A new team for former world champions Brazil

22 Nov. 2021

A new team for former world champions Brazil

Eight years ago, Brazil produced one of the biggest surprises in the history of women’s handball by taking their first IHF Women’s World Championship title. It was a flawless tournament at Serbia 2013 for the South American side, just two years after dropping only one game to finish fifth on home court.

Since then, Brazil have never able to replicate their form, finishing 10th at Denmark 2015 and then dropping to 18th at Germany 2017 and 17th at Japan 2019.

From the winning team at Serbia 2013, only six players were selected on the provisional list for Spain 2021, with experienced stalwarts like Alexandra do Nascimento, Barbara Arenhart and Ana Paula Rodrigues Belo leading the line ahead of young talent, hungry for silverware.

However, the biggest blow came in late October, when back Eduarda Amorim Taleska, a player who has donned the national team shirt 215 times and scored 701 goals for the Brazilian national side, announced her retirement, 15 years after making her debut.

“Even before the start of the COVID-19 pandemic, I thought about finishing my international career after the Tokyo 2020 Olympic Games. Now I can say, with all my heart, that this is the correct decision.

“I am proud with what I have accomplished in the national team’s shirt, always giving everything I got for Brazil. It was a pleasure to play with different generations, work with exceptional professionals and overcome so many challenges,” said Amorim in an Instagram post announcing her retirement.

The winds of change have blown hard for Brazil after Olympic Games Tokyo 2020, where the South American powerhouse finished 11th, their worst placement in five editions of the competition.

Coach Jorge Duenas, who has been leading the team since 2017, was replaced by Cristiano Rocha this summer, after the Olympics, where Brazil still managed to draw against the silver medallists, the ROC, and won against Hungary.

However, they ended the tournament with a three-game losing streak that basically signalled the need for change.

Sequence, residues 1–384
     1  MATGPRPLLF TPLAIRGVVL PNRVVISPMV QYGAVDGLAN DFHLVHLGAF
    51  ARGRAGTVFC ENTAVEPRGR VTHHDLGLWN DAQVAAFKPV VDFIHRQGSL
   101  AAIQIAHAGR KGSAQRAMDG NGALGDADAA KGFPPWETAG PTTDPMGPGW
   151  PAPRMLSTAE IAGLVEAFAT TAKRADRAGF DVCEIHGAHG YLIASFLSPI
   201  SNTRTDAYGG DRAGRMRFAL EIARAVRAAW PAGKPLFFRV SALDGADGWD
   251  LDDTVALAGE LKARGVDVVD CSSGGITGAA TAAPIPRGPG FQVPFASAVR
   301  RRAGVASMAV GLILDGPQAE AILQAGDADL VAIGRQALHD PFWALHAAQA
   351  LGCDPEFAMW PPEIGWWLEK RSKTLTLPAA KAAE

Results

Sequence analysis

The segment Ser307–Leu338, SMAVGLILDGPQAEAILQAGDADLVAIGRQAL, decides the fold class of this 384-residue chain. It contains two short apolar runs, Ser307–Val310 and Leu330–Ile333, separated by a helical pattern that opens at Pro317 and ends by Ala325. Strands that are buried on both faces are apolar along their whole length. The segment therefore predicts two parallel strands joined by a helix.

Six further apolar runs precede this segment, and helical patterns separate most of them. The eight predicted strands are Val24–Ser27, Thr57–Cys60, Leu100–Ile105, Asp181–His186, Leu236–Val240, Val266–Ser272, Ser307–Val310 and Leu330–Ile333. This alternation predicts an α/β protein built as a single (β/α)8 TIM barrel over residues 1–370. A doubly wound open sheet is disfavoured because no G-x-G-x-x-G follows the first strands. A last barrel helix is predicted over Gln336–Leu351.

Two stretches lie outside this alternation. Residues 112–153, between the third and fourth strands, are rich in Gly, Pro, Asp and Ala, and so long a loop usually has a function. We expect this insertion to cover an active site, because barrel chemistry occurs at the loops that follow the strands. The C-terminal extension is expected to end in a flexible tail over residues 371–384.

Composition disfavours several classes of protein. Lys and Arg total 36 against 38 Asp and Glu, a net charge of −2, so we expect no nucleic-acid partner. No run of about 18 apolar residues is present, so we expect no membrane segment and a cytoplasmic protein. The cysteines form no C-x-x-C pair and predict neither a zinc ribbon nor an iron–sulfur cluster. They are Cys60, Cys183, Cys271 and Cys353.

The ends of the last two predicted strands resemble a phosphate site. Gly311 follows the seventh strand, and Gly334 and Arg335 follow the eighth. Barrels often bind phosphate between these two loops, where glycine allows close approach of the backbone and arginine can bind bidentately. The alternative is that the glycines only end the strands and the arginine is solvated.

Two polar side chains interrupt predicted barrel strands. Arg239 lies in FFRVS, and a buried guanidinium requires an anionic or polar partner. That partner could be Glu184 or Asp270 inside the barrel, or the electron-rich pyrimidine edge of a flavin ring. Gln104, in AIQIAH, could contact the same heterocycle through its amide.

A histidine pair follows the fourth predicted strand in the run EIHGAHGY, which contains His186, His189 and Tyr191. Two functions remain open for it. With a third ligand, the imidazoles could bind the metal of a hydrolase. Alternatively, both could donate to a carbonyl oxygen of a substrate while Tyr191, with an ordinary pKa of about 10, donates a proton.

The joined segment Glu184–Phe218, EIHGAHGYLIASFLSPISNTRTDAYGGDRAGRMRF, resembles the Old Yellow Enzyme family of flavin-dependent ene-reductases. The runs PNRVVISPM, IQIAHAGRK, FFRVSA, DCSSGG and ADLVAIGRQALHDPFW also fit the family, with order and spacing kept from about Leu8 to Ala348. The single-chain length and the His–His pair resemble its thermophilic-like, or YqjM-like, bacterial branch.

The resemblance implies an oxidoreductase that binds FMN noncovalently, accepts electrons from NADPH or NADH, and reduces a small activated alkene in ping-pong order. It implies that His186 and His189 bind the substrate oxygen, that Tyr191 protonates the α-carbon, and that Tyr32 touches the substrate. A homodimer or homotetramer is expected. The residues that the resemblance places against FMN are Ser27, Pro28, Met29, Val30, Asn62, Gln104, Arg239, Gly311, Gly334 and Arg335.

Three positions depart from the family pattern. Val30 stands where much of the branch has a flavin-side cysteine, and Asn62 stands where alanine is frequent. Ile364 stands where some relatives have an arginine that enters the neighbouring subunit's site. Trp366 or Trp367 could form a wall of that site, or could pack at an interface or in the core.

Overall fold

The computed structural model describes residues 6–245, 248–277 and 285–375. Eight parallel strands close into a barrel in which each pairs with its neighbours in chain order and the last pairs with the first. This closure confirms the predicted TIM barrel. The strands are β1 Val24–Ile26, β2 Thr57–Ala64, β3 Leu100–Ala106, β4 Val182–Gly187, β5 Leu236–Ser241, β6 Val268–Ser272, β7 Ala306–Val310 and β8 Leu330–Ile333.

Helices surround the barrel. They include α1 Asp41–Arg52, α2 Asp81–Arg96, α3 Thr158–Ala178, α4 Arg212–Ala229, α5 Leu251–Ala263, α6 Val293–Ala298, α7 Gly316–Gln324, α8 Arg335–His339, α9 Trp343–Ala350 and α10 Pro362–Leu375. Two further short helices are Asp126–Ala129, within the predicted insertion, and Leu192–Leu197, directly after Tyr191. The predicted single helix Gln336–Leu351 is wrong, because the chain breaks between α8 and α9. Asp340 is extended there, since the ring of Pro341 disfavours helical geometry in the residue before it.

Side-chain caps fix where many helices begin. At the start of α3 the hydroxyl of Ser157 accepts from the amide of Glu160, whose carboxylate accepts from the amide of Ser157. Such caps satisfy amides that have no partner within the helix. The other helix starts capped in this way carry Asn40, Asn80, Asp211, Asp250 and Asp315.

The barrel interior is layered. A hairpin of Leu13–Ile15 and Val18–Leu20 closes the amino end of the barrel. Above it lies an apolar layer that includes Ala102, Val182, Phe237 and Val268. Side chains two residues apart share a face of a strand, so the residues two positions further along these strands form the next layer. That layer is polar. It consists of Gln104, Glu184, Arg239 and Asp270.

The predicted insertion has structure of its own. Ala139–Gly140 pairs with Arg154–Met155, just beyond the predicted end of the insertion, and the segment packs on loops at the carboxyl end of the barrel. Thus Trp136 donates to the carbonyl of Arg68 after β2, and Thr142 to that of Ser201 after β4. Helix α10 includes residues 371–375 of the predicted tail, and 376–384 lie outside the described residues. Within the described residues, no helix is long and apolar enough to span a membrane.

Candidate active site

Rocha, a former assistant to Morten Soubak, the coach who led Brazil to the gold medal at Serbia 2013, and to Duenas, has now plenty of experience and knows the team inside out, is ready to bring back Brazil to the top in the next years.

His debut was pitch perfect, winning the South and Central American Women's Championship with ease, securing five wins out of five games, including a 31:22 victory against rivals Argentina.

“This is a very important moment in my professional life. Everyone dreams of being the coach of the Brazilian team and for me it is no different. I believe I am prepared and motivated to do my best for our country.

“The main challenge is to make Brazil fight again for the top positions in the main international competitions, and of course qualify for the Olympic Games,” said Rocha, according to the Brazilian Handball Federation website.

Crucial to that blueprint will be the emergence of a new, exciting centre back in the mould of Bruna de Almeida, who was instrumental in helping Nantes Atlantique Handball win the DELO EHF European League last season.

Her transfer to Metz Handball this summer should help the 25-year-old centre back, who can also play as a left back, gain more experience at the highest level and, therefore, help Brazil become more unpredictable in attack.

Experience is there, with Arenhart or do Nascimento ready to pounce at every occasion, as this could also be the last IHF Women’s World Championship for the 40-year-old right wing, who was the top scorer at Brazil 2011 and the second-best scorer at Serbia 2013. 

Key players: Alexandra do Nascimento (right wing), Barbara Arenhart (goalkeeper), Bruna de Paula Almeida (centre back), Ana Paula Rodrigues Belo (centre back)

Qualification for Spain 2021: 2021 South and Central America Handball Confederation Women's Championship – Winners

History in tournament: 1995: 17th-20th, 1997: 23rd, 1999: 16th, 2001: 12th, 2003: 20th, 2005: 7th, 2007: 14th, 2009: 15th, 2011: 5th, 2013: 1st, 2015: 10th, 2017: 18th 2019: 17th

Group at Spain 2021: Group G (Croatia, Japan, Brazil, Paraguay)